Responding to BIRN’s request for an interview, Krsticevic sent a message saying that “the 4th Guards Brigade was not present in the Jajce area in that period”.
He did not want to go into more detail about the victims’ allegations that the brigade was in Bravnice that day.
The Interior Ministry in Bosnia’s Serb-dominated entity Republika Srpska told BIRN that back in 2005 it submitted a report about a war crime against civilians in Bravnice to the Bosnian state prosecution.
The report listed four people identified only by the initials T.B., S.S., D.K. and M.P. as suspects, as well as “several unidentified members of the 4th Guards Brigade of the Army of the Republic of Croatia”.
It alleged that the suspects “ordered, failed to prevent or directly carried out the killing and wounding of several civilians with firearms and shells launched at a refugee convoy, killing several dozen civilians – at least 32 – and failed to punish the perpetrators”.
The Republika Srpska Interior Ministry said that that it subsequently established that nine Bosnian Serb Army soldiers were also killed, and amended its report with substantial evidence material in 2007.
The state prosecution confirmed to BIRN that it is working on the case and the examination of witnesses and victims was underway, but did not provide further details about the investigation.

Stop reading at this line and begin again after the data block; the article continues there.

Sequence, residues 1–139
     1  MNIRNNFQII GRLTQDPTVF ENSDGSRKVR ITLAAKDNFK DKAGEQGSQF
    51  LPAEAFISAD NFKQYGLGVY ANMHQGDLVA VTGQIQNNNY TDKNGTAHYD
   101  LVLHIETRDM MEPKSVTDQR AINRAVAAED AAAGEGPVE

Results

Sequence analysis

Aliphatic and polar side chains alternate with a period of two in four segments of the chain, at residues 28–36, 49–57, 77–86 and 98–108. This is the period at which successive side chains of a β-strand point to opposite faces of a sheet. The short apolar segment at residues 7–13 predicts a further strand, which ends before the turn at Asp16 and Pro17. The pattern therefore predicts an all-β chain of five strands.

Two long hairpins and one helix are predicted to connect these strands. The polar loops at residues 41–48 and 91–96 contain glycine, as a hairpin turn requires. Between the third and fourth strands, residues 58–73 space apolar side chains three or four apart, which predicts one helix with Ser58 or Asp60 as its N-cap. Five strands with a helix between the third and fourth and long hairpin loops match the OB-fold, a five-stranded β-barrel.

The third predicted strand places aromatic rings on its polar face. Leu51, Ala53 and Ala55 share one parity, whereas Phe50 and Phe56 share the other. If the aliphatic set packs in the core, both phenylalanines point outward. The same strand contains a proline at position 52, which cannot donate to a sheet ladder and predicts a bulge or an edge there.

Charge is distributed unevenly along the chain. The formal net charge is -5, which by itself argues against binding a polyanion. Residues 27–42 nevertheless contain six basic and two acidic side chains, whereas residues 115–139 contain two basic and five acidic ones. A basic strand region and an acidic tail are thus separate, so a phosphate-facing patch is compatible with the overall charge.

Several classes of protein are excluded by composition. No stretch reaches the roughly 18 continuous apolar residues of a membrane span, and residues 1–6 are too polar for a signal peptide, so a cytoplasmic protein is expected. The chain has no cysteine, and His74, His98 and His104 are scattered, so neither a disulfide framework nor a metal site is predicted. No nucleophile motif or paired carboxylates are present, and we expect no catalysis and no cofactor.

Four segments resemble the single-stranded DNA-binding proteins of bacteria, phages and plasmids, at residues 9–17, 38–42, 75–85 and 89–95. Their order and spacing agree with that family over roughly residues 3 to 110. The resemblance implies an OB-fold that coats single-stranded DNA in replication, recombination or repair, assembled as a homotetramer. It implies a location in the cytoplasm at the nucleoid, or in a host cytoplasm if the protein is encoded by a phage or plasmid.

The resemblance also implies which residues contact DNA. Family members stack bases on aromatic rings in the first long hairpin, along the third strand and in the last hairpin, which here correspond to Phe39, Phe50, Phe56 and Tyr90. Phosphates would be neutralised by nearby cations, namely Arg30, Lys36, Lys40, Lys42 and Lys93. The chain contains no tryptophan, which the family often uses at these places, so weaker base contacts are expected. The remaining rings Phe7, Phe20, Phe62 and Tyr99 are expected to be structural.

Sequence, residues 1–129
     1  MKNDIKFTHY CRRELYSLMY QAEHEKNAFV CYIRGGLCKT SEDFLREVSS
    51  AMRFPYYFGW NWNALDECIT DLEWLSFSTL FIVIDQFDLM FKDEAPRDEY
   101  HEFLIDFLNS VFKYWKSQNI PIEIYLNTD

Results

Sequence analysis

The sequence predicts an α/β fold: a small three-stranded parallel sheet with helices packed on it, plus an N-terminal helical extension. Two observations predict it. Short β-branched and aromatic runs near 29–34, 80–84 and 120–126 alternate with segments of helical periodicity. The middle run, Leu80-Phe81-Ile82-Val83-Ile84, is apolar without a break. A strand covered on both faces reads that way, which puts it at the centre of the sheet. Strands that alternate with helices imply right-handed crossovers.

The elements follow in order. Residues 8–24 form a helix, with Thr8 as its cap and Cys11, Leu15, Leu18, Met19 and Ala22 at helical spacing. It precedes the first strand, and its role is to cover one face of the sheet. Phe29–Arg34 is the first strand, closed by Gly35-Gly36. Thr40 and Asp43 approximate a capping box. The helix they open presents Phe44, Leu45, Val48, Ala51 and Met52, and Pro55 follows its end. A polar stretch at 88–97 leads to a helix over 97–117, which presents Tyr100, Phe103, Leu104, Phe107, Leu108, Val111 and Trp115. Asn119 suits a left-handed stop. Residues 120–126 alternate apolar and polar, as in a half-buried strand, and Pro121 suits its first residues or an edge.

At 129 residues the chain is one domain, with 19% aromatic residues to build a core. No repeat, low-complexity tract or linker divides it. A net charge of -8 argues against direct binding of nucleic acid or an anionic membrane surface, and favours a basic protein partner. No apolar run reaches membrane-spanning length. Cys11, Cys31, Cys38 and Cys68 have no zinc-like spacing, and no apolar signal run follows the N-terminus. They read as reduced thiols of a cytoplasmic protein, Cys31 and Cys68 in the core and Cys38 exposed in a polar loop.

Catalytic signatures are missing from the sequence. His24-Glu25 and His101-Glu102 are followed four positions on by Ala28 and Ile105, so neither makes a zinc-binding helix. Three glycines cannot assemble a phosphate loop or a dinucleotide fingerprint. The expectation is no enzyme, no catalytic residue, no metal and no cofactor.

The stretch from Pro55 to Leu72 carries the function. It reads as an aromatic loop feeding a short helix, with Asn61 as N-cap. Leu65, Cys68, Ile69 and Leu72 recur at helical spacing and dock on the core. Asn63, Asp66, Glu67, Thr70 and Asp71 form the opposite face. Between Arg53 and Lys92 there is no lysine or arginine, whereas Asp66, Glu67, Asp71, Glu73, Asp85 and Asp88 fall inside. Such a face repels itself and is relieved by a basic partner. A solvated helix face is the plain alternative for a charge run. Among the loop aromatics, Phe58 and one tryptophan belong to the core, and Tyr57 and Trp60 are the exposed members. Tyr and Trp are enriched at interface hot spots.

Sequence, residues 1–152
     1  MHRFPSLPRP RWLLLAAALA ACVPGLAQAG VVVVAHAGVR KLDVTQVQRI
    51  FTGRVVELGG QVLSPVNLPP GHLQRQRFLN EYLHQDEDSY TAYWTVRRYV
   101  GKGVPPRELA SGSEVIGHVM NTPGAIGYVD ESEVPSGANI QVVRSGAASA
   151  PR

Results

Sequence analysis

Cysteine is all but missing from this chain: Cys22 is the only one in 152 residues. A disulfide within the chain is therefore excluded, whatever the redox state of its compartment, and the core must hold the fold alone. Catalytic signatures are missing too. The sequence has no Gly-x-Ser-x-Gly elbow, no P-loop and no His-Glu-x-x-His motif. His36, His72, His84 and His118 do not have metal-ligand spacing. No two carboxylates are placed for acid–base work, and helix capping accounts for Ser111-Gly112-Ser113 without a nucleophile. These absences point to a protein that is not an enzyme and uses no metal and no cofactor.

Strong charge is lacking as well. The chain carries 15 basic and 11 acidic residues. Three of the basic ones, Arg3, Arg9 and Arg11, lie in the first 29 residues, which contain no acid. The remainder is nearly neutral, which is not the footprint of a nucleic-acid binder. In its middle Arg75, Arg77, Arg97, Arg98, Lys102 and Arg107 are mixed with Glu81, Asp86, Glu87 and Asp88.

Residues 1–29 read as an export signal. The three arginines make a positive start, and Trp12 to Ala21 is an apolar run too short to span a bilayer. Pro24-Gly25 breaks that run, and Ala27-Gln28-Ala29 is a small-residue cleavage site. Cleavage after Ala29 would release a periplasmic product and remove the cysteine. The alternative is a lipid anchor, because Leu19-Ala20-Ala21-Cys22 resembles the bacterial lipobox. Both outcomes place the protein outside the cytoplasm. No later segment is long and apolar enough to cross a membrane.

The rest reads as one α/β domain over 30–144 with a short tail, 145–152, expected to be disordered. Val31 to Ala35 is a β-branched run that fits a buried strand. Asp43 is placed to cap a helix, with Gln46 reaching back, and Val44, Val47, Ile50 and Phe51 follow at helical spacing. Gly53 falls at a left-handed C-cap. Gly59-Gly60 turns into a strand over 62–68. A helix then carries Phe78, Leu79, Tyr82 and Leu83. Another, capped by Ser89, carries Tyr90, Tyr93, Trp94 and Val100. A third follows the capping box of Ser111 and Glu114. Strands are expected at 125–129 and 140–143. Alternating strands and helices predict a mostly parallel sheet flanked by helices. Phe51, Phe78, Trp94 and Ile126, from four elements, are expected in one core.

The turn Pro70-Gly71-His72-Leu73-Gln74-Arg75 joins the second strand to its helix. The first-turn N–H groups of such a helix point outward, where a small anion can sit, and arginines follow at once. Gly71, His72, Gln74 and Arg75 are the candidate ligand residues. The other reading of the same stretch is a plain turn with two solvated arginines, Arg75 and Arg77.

‘The perpetrators must be punished’
Bravnice. Foto: BIRN BiH
Bosnia and Herzegovina’s Missing Persons Institute carried out three exhumations in the Jajce area in 1998 and 1999, exhuming a total of 96 bodies.
According to the Missing Persons Institute, the remains of nine people who went missing in Bravnice have yet to be found.
While waiting for the investigation to lead to indictments, families of the dead and war victims’ associations have been attempting to mark the murder site with a memorial plaque, but permission has not yet been granted by the municipality of Jajce.
A temporary plaque was nailed to a lamppost at a bus station in Bravnice, with a wreath underneath, but it is now in poor condition.
Jankovic argued however that for those who were in Bravnice that day in 1995, prosecuting the guilty is more important.
“You know, we can talk about the culture of remembrance and marking the place with a permanent sign telling people what happened and teaching future generations so it will never happen again. But you have to understand, for me and all the civilians on that bus who were killed or survived, that it is necessary to punish the perpetrators,” she said.
“I wonder why there is silence about this crime, and what else do we need to do to see the perpetrators in the dock?”
BIRN Bosnia and Herzegovina’s Forgotten Victims project is supported by the government of the United Kingdom and is being implemented by the United Nations Development Programme, UNDP, as part of its Regional War Crimes Project.